Rental marketplace Mutterfly is tapping the sharing economy by renting out household items, electronics, party gear, cameras, outdoor equipment, and helicopter and yacht experiences.
Wouldn’t a karaoke set or electric barbeque grill set your Friday night shindig apart? And wouldn’t your significant other love you forever if you proposed from a helicopter? Mumbai-based Mutterfly can help make these dreams a reality.
Mutterfly, founded by Akshay Bhatia, is betting on the rise – and the rise – of the sharing economy in India. In a bid to increase collaborative consumption, the startup has created a sharing network that lets people rent a range of products not available on rent elsewhere, including party gear, electronics, cameras, outdoor equipment, and premium helicopter and yacht experiences. Rental periods start from a single day to months at a time. The startup is operational only in Mumbai and Pune as of now.
But Mutterfly – a take on butterfly, which does not go far in search of resources – did not begin life in this format. Akshay, 27, an ex-Morgan Stanley banker, started Mutterfly in 2015 as a local food-sharing platform that connected home chefs and food lovers. A few months later, he realised the model was not scalable due to supply issues.
Akshay’s thoughts went back to a small survey he had done during Mutterfly’s initial days. He had found that an average Indian house has items worth Rs 30,000 lying unused. “The most common item people have to spare is a barbecue grill. Similarly, leg massagers. These are bought, but rarely used. We suddenly had a value proposition,” he says.
He decided to pivot to the daily use item sharing market in January 2017. Akshay started with a very lean team - three people, including an android developer and CTO. The startup currently has 15 employees, including its logistics team.
Mutterfly now provides end-to-end logistics in five segments: home appliances, photography (cameras, lenses, drones, etc), gaming (rentals for consoles), house party items (speakers, smoke machines, LED TVs, karaoke sets), consumer electronics (laptops, smartphones, projectors), luxury premium rentals (yachts, vintage cars, helicopters) and outdoors (trekking backpacks, shoes, walking sticks, lights, tents). It offers desktop and app interfaces to its customers. The app is available on Android and iOS platforms.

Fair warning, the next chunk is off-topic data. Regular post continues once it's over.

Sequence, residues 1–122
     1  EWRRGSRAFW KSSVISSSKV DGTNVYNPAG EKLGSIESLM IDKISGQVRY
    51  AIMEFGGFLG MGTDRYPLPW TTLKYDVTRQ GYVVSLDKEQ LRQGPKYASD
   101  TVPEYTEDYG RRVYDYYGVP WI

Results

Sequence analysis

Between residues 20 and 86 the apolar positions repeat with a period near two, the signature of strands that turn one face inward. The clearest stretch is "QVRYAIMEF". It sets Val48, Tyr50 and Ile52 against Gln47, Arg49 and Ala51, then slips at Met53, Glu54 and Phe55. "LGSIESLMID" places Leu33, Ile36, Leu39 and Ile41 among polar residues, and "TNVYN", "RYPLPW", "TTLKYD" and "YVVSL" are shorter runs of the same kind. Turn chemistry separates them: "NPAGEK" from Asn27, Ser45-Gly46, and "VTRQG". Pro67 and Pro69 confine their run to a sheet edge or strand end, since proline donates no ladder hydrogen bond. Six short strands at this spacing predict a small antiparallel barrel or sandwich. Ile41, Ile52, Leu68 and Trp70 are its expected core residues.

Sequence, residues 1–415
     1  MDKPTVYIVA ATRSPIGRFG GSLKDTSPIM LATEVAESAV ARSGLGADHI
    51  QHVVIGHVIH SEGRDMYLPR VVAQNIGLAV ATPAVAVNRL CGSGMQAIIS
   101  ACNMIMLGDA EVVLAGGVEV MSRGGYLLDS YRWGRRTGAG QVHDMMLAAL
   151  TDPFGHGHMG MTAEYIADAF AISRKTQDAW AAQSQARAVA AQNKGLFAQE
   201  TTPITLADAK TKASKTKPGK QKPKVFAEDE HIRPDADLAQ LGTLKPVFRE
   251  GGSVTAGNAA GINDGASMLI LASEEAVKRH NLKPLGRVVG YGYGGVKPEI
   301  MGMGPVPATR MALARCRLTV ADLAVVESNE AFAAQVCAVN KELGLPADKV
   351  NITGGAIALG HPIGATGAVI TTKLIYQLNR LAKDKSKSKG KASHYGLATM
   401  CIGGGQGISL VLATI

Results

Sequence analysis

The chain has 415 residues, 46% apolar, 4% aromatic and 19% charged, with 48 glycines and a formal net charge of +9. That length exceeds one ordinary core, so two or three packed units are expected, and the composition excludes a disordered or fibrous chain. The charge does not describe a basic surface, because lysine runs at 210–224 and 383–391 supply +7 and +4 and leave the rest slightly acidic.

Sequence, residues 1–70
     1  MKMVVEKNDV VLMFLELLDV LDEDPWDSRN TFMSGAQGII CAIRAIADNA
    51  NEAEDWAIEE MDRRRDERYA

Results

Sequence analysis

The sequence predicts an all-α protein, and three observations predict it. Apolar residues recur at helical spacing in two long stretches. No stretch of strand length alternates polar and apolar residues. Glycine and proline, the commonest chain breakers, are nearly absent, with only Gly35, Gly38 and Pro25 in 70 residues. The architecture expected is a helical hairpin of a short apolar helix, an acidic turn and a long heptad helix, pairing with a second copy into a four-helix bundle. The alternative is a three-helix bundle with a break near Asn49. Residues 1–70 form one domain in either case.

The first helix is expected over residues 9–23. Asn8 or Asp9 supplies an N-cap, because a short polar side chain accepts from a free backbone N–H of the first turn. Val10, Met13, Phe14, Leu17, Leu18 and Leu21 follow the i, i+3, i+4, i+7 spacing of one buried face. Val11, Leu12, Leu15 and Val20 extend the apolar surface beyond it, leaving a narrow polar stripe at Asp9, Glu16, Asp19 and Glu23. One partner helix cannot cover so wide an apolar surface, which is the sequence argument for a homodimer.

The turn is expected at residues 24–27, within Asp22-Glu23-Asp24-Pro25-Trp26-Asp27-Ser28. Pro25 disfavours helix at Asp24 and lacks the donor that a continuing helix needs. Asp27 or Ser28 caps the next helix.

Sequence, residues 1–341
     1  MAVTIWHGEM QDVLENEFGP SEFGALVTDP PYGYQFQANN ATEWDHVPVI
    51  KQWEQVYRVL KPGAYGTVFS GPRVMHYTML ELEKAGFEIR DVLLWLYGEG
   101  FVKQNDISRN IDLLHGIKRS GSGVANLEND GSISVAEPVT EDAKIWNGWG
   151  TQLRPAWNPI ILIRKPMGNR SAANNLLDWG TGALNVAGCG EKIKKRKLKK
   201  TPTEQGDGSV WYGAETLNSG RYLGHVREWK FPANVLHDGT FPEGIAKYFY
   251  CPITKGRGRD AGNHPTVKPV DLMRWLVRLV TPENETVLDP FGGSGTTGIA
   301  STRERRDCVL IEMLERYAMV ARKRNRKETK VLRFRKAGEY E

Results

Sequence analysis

Mutterfly has a customer base of about 72,000 and claims around 3,500 active customers per month. “Our current month on month growth is 20 percent and we have around 55 percent of repeat users,” Akshay says.
Akshay is banking on the desire of the middle-class to experience quality and high-end products. India is poised to have 35 million gamers in the next three years, but the number of consoles sold in the last three years is around 3 lakh.
“So there is a disconnect between the number of gamers and the number of consoles available. A console costs around Rs 30,000-40,000, but Mutterfly charges around Rs 800 for a day and Rs 5,000 per month. Similarly, for between Rs 800 and Rs 1,500 per night, you can convert your home into a party area for the night,” he says.
In the luxury segment, Mutterfly charges Rs 1,100 per person for eight persons for four hours of a yacht experience. A helicopter ride is available for Rs 8,500 per hour per person while trekking equipment can be rented for Rs 1,500 per week. Laptops are on offer for Rs 2,300 (Windows) and Rs 5,000 (Mac) per week, respectively.
Mutterfly enters into a rental agreement with users and needs documents like voter ID, PAN, Aadhaar card, etc. It also charges a security deposit (Rs 6,500-Rs 10,000).
The initial challenge the bootstrapped startup faced was people’s attitude. “People don’t go to rental sites for such things generally. Our first challenge was to educate customers that there were things they could rent, not buy. The second challenge was about trust and quality as people tend to be apprehensive. So we focused on product quality.”
Mutterfly competes with other rental platforms like Rentomojo and Furlenco. But there’s a strong differentiator. Akshay says: “Our competitors are bent towards furniture and home appliances, and rent these out for longer periods. But our model lets people rent consumer goods, electronics and premium luxury items for the short term, even a day. That is our key differentiator.”
Akshay pegs the rental market at around $3 billion, but says the rental ecosystem in India is “at a very nascent stage”. “In the US, about 21 percent customers prefer renting. In China, it is 3 percent. There are no clear statistics here, but I believe it is less than 1 percent,” he says.
Mutterfly is targeting revenues of Rs 3 crore by the end of this financial year and aims to grow that to Rs 9 crore by the next financial year.
Ninety percent of its market is in Mumbai; the rest is in Pune. It is currently talking to a few investors for angel funding.
The startup is planning to launch operations in Delhi and Bengaluru soon, and is also in the process of offering vintage cars on rent in its luxury segment.
“We plan to tie up with wedding companies and launch a baby products segment. We are also talking to co-working spaces as we want to ride on the sharing economy,” Akshay says.